To examine a 1-year follow-up of a 4-month, controlled clinical trial of exercise and antidepressant medication in patients with major depressive disorder (MDD).
In the original study, 202 sedentary adults with MDD were randomized to: a) supervised exercise; b) home-based exercise; c) sertraline; or d) placebo pill. We examined two outcomes measured at 1-year follow-up (i.e., 16 months post randomization): 1) continuous Hamilton Depression Rating Scale score; and 2) MDD status (depressed; partial remission; full remission) in 172 available participants (85% of the original cohort). Regression analyses were performed to examine the effects of treatment group assignment, as well as follow-up antidepressant medication use and self-reported exercise (Godin Leisure-Time Exercise Questionnaire), on the two outcomes.
In the original study, patients receiving exercise achieved similar benefits compared with those receiving sertraline. At the time of the 1-year follow-up, rates of MDD remission increased from 46% at post treatment to 66% for participants available for follow-up. Neither initial treatment group assignment nor antidepressant medication use during the follow-up period were significant predictors of MDD remission at 1 year. However, regular exercise during the follow-up period predicted both Hamilton Depression Rating Scale scores and MDD diagnosis at 1 year. This relationship was curvilinear, with the association concentrated between 0 minute and 180 minutes of weekly exercise.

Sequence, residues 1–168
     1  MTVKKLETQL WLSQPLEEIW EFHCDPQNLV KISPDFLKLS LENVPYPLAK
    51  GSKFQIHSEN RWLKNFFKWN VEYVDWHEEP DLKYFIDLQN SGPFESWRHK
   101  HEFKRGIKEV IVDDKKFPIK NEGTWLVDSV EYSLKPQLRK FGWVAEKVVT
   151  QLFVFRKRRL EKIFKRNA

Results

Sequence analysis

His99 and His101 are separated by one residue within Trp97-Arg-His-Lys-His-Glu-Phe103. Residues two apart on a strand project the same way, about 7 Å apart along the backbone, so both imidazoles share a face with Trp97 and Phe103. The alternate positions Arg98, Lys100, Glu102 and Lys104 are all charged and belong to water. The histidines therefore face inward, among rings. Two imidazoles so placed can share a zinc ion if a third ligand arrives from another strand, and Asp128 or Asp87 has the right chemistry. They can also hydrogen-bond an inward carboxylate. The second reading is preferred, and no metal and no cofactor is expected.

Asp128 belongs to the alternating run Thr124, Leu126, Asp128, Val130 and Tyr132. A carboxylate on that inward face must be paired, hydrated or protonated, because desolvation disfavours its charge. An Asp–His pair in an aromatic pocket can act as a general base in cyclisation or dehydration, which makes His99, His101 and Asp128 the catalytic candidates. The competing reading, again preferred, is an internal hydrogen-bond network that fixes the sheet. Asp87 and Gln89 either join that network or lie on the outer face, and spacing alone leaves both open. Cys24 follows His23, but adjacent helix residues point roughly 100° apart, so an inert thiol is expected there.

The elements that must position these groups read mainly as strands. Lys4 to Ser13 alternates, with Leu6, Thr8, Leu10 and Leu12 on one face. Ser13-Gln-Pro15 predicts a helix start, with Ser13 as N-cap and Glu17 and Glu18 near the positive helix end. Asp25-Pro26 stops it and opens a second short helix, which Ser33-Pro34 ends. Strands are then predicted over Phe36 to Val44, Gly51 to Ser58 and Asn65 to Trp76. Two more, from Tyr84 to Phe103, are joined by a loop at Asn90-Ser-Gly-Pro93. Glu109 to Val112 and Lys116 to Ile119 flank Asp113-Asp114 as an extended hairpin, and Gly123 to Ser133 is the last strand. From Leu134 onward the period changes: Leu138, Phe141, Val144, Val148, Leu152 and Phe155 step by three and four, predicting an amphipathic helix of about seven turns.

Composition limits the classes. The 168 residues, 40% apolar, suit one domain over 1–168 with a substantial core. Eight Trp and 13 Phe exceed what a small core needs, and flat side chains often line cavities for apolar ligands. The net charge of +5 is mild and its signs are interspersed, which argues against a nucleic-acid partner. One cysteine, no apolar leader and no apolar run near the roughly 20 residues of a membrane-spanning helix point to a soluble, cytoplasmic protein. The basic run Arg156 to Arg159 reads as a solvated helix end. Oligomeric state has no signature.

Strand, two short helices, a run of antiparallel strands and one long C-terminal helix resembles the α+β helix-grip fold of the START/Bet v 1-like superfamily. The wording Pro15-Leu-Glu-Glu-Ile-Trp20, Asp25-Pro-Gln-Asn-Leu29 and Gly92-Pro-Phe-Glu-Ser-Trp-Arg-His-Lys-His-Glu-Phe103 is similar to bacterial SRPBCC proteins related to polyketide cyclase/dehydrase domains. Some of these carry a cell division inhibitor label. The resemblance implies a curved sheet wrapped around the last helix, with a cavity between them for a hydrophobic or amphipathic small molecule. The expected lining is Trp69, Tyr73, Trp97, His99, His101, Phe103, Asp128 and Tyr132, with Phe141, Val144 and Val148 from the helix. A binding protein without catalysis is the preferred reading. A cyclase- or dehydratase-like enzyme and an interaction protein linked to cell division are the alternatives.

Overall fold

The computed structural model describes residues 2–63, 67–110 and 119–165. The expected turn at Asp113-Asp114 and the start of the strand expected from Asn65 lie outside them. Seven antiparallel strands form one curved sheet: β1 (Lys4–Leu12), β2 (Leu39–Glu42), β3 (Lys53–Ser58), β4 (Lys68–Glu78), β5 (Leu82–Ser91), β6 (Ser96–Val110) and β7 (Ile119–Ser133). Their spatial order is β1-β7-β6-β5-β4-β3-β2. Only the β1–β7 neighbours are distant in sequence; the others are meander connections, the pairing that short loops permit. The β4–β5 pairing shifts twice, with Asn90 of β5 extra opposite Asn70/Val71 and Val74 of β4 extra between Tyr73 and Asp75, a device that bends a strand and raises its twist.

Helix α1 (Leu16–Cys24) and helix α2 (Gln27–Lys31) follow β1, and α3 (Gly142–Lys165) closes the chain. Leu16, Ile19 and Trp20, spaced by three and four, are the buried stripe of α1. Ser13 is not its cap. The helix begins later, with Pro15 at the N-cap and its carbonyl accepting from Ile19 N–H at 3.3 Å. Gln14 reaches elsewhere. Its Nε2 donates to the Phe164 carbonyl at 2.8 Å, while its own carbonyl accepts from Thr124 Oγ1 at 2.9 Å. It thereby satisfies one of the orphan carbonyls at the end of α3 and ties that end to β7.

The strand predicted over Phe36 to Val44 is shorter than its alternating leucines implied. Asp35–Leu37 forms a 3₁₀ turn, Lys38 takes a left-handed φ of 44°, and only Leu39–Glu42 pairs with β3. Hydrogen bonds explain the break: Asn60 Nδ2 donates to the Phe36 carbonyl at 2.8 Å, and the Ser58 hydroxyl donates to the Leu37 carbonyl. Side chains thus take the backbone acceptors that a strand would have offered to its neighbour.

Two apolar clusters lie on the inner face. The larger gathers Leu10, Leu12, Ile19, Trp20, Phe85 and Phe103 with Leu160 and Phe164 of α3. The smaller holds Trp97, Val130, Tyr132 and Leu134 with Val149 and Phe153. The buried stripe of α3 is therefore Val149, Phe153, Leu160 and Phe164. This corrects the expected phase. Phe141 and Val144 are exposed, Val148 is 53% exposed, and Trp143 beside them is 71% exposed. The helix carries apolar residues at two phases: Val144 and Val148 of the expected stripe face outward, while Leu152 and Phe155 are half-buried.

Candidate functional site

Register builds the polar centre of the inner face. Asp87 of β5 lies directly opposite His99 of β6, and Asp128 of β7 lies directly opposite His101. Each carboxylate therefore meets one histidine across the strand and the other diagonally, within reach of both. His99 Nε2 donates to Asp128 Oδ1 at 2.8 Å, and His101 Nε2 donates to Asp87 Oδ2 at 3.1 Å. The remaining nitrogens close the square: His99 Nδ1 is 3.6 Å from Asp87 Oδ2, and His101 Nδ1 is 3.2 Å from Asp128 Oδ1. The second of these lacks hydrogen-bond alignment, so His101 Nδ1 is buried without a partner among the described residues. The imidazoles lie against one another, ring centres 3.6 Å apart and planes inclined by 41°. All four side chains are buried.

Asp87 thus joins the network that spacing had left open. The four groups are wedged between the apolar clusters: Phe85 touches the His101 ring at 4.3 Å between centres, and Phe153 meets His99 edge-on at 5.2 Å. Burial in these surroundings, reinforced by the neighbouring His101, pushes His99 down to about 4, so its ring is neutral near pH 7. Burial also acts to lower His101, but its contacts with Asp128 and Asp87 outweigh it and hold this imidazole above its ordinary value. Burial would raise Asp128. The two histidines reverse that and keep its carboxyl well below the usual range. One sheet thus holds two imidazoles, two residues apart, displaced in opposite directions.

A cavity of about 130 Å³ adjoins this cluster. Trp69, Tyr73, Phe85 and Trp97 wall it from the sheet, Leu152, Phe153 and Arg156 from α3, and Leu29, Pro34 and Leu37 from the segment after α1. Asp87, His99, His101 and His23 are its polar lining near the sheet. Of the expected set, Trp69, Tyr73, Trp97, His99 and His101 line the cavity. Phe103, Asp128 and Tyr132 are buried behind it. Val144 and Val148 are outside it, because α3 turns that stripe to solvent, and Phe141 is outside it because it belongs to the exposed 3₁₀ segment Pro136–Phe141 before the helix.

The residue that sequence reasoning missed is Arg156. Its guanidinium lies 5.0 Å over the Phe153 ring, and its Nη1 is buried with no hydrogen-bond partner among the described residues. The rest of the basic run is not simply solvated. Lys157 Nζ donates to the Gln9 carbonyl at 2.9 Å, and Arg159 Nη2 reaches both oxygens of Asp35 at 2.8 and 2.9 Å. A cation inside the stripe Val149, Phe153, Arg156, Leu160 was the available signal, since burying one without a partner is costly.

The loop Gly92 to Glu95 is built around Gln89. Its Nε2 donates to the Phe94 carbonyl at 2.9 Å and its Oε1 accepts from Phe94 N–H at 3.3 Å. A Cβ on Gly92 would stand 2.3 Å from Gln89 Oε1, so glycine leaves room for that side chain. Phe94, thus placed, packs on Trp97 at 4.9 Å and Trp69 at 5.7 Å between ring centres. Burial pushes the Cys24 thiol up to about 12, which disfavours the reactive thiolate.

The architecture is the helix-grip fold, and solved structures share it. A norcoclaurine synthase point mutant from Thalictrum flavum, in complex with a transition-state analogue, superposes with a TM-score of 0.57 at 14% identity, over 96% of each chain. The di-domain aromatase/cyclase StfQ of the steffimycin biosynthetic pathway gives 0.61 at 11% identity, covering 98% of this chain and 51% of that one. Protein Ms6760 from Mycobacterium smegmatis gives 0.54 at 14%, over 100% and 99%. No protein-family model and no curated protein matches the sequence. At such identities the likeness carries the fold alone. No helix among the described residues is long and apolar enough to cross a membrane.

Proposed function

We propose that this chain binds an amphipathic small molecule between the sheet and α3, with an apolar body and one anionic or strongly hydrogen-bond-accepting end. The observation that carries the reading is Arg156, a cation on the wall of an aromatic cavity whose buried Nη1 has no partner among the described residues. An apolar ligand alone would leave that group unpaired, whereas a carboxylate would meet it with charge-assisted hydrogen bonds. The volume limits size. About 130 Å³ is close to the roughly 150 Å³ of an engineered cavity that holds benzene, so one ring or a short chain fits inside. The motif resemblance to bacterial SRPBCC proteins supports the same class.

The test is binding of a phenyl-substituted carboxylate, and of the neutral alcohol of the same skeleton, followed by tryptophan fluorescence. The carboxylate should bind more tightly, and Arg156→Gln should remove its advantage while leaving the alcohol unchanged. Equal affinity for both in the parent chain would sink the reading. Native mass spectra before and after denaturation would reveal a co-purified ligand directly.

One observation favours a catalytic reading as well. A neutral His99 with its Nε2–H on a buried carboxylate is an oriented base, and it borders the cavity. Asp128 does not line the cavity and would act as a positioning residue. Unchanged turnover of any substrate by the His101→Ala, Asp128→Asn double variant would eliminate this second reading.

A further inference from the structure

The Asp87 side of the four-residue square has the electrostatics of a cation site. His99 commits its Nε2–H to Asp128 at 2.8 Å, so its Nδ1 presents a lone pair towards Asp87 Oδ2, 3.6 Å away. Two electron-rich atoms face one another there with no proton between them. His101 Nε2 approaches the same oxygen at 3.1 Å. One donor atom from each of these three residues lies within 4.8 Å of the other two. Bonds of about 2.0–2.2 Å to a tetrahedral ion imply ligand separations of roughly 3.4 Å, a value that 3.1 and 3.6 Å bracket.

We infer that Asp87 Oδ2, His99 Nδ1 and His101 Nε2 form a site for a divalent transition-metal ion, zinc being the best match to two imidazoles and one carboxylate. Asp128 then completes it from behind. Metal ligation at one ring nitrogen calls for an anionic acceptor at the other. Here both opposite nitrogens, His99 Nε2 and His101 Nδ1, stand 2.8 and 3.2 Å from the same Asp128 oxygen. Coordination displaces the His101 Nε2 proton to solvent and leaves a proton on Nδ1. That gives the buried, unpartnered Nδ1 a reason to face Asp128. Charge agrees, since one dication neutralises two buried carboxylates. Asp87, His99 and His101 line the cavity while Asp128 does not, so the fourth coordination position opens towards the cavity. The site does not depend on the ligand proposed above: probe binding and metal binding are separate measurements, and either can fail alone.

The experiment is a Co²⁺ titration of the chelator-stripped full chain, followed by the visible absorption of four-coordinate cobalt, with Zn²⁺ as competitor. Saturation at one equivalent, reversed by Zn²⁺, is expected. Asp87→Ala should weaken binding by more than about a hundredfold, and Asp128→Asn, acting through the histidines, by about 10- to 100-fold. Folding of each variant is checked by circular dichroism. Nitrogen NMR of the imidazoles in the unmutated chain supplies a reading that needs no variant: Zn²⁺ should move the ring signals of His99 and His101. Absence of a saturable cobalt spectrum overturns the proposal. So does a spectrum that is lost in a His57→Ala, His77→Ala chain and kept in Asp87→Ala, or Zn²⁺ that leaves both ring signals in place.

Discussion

The effects of aerobic exercise on MDD remission seem to be similar to sertraline after 4 months of treatment; exercise during the follow-up period seems to extend the short-term benefits of exercise and may augment the benefits of antidepressant use.
clinicaltrials.gov Identifier: NCT00331305.
MDD = major depressive disorder; HAM-D = Hamilton Depression Rating Scale; SCID = Structured Clinical Interview for Diagnostic and Statistical Manual of Mental Disorders, Fourth Edition Axis I Disorders; PSSS = Perceived Social Support Scale.
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From the Department of Psychiatry and Behavioral Sciences (B.M.H., M.A.B., A.S., M.D., M.J.C., J.A.B.), Duke University Medical Center, Durham, North Carolina; and the Department of Psychology (W.E.C.), Emory University, Atlanta, Georgia.
Address correspondence and reprint requests to Benson M. Hoffman, PhD, Department of Psychiatry and Behavioral Sciences, Duke University Medical Center, Box 3119, Durham, NC 27710. E-mail: Benson.Hoffman@duke.edu
Received for publication May 26, 2010; revision received October 6, 2010.
This study was supported, in part, by Grant MH 49679 (J.A.B.) from the National Institutes of Health and Grant M01-RR-30 from the General Clinical Research Center Program, National Center for Research Resources, National Institutes of Health (Principal Investigator: James A. Blumenthal). Medication and matched placebo pills were provided by a grant from Pfizer Pharmaceuticals, Inc.
Supplemental digital content is available for this article. Direct URL citations appear in the printed text, and links to the digital files are provided in the HTML text of this article on the journal's Web site www.psychosomaticmedicine.org.
Dr. Craighead receives support from the National Institutes of Health for his research, owns stock in NovaDel Pharma, and receives book royalties from John Wiley & Sons. He is an officer of Hugarheill enf, an Icelandic nonprofit company dedicated to the prevention of depression. Dr. Murali Doraiswamy has received research grants (through Duke) and honoraria from several pharmaceutical companies, and he owns stock in EnergyInside. The remaining authors did not disclose any potential conflicts of interest.